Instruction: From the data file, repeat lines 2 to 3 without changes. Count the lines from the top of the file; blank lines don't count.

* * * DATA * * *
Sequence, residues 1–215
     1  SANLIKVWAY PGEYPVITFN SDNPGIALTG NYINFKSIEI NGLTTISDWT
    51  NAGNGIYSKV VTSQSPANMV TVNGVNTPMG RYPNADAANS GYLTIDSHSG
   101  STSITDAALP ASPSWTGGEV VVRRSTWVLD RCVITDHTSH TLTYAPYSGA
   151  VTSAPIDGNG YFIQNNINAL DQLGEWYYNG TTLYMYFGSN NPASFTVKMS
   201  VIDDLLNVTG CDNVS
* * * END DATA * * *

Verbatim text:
     1  SANLIKVWAY PGEYPVITFN SDNPGIALTG NYINFKSIEI NGLTTISDWT
    51  NAGNGIYSKV VTSQSPANMV TVNGVNTPMG RYPNADAANS GYLTIDSHSG